Friday 9 December 2016

Stone tools cast new light on date of human migration

Steve Connor in Abu Dhabi

Published 28/01/2011 | 05:00

A STONE-AGE archaeological site in the Arabian peninsula has become the focus of a radical theory of how early humans made the long walk from their evolutionary homeland of Africa to become a globally dispersed species.

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Scientists have found a set of stone tools buried beneath a collapsed rock shelter in the barren hills of the United Arab Emirates that they believe were made about 125,000 years ago by people who had migrated out of eastern Africa by crossing the Red Sea when sea levels were at a record low.

The age of the stone tools suggests that our species, Homo sapiens, left Africa between 30,000 and 55,000 years earlier than previously believed.

Walking

Genetic evidence had suggested that modern humans made the main migration from Africa between 60,000 and 70,000 years ago. However, all these movements were believed to have been made into the Middle East by people walking along the Nile valley and over the Sinai Peninsula.

The stone tools unearthed at the Jebel Faya site, about 50km from the Persian Gulf, suggest another possible migratory route across the Bab al-Mandeb strait, a tract of open water which separates the Red Sea from the Arabian Ocean and the Horn of Africa from the Arabian Peninsula.

The scientists behind the study said that at the time of the migration sea levels would have been low enough for people to make the crossing by foot.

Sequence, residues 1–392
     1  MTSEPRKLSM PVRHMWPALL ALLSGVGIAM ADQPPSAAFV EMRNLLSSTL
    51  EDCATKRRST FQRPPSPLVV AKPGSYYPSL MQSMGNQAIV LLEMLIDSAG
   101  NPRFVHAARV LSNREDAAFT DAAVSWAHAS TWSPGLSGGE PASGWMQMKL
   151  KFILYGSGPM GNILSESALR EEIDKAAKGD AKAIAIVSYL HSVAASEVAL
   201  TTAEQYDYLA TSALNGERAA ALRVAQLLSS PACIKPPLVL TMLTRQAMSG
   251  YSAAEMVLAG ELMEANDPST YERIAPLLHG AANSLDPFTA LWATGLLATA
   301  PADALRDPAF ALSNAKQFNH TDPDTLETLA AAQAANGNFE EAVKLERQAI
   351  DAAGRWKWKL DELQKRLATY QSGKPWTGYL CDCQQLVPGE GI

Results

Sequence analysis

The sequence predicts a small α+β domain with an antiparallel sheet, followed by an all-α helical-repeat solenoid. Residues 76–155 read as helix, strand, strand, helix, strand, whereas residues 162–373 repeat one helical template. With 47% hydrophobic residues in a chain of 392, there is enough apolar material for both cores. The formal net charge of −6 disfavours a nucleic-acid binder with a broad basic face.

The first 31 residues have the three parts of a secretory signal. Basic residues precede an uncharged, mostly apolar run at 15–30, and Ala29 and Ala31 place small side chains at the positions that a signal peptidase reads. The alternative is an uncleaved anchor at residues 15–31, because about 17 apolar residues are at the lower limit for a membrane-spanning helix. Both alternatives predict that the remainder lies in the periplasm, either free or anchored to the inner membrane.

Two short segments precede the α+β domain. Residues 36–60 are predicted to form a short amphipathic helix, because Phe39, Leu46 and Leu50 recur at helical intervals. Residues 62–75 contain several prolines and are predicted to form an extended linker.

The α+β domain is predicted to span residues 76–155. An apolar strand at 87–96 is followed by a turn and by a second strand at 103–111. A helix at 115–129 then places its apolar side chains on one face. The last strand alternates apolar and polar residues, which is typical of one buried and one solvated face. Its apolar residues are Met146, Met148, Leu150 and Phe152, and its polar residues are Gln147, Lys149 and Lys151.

They also suggest that the waterless Nejd plateau of southern Arabia, which would have posed another barrier to migration, was at that time covered in lakes and game-filled vegetation. Once humans had crossed into southern Arabia, they would have enjoyed the benefits of a land rich in gazelle.

Simon Armitage of Royal Holloway, University of London, the lead author of the study published in the journal 'Science', said that discovering the dates of the tools was key evidence suggesting there was an earlier migration out of Africa than previously supposed.

"Archaeology without ages is like a jigsaw with the interlocking edges removed -- you have lots of individual pieces of information but you can't fit them together to produce the big picture," he said. (© Independent News Service)

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